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FIFA president Sepp Blatter has called on national associations to assist in the fight against corruption in the game, stating world football’s governing body cannot do it alone.

FIFA president Sepp Blatter has called on national associations to assist in the fight against corruption in the game, stating world football’s governing body cannot do it alone.

Blatter believes that FIFA’s 209 member associations, in addition to the continental confederations, must follow its lead in establishing independent ethics committees to investigate and punish corruption allegations. “FIFA alone cannot be the tribunal for 300 million people involved in football,” said Blatter in a video interview on FIFA.com.

In July, FIFA named American attorney Michael Garcia and German judge Hans-Joachim Eckert as the two figures to tackle corruption in the organisation. Garcia, who had previously specialised in enforcing arms regulations and money laundering statutes, was elected to probe allegations of corruption as head of the investigative chamber of FIFA’s ethics committee. Eckert is the presiding judge of Munich’s penal court and bears responsibility for judging cases and handing out sanctions as head of the adjudicatory branch. However, Blatter said: “This will only work if these two committees are installed in all national associations and the (continental) confederations.”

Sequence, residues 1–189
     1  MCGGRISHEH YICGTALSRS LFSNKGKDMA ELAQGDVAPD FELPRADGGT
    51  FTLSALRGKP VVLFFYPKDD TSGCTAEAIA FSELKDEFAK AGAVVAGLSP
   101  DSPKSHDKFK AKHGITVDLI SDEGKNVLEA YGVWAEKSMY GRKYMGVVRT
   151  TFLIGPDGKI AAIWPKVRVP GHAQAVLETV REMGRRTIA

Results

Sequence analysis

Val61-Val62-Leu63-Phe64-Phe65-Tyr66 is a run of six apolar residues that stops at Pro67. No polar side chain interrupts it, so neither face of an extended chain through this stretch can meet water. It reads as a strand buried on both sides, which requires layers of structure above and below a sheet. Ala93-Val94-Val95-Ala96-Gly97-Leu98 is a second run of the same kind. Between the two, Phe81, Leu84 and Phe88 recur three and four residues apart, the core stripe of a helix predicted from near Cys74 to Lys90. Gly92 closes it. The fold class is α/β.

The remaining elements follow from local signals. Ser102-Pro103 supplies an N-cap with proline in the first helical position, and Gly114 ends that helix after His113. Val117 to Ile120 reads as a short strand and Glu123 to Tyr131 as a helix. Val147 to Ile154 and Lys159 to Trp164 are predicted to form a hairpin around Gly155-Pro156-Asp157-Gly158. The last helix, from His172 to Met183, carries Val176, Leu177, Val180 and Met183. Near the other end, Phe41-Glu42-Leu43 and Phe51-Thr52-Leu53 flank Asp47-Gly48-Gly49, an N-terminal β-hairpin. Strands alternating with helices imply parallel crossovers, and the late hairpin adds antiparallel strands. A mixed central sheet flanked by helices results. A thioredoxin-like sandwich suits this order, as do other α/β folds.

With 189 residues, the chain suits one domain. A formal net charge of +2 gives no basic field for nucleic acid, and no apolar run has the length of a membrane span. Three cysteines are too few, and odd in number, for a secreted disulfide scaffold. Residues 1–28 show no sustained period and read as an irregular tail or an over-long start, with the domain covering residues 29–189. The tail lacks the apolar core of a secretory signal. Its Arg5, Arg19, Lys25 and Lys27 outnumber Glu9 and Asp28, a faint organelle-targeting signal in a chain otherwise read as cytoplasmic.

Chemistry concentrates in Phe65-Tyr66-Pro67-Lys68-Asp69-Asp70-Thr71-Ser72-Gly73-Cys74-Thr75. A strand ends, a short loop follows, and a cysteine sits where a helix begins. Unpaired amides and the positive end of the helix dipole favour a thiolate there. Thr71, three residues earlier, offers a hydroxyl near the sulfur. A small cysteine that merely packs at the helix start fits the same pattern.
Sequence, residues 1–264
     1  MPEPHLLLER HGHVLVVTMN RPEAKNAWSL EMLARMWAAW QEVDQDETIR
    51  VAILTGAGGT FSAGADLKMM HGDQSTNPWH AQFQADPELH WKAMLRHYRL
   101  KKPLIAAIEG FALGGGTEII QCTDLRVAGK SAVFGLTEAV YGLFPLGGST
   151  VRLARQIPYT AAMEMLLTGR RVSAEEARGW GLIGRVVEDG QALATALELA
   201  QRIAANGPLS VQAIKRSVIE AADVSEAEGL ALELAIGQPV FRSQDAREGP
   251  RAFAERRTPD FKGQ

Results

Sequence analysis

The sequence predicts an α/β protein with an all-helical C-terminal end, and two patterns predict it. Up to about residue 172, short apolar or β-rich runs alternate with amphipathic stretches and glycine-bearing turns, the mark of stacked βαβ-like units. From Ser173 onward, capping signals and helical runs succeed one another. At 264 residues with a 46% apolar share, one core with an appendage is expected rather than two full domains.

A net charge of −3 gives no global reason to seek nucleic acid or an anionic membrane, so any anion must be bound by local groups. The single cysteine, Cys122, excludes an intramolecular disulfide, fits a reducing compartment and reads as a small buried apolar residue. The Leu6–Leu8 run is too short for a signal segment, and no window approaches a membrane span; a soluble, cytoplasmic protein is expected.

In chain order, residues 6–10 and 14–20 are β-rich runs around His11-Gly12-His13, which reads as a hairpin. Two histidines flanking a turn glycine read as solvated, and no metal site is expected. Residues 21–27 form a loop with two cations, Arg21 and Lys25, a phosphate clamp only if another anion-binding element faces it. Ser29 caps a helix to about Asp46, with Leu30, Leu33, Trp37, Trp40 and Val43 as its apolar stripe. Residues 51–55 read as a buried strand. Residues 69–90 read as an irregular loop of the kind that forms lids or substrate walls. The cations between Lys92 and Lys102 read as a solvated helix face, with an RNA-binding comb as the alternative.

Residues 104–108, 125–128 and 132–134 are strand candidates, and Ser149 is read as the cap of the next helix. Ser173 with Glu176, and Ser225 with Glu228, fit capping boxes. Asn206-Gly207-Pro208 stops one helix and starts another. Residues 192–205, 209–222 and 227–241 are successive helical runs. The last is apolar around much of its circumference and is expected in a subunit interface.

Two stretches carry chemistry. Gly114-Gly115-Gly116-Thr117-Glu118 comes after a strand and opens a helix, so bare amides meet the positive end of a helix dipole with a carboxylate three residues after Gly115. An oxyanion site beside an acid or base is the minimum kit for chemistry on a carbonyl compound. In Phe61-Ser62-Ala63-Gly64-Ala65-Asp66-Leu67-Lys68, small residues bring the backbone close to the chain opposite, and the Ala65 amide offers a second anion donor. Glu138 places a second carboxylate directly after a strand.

FIFA is due to vote on changes to its statutes at its annual congress in Mauritius in May. The 53 European FIFA member associations last month unanimously adopted a declaration regarding proposed amendments to the statutes. The headline proposal from the associations came with the call for future FIFA presidents to serve an initial term of eight years and a maximum of 12 years overall. A general age limit of 72 at the time of election/appointment was also deemed appropriate for members of all FIFA bodies. The 76-year-old Blatter is currently engaged in his fourth mandate as FIFA president, with current regulations allowing for an unlimited number of four-year terms. European associations have called on FIFA to adopt the International Olympic Committee’s model for its presidency of a first term of eight years and a second and last term of four years. A FIFA working group has suggested a limit of two four-year terms for future presidents. “I am convinced that in Mauritius we will bring to an end our reform programme,” added Blatter. The push for more accountability and transparency within FIFA has followed the series of high-profile corruptions scandals which hit the governing body in 2010 and 2011.

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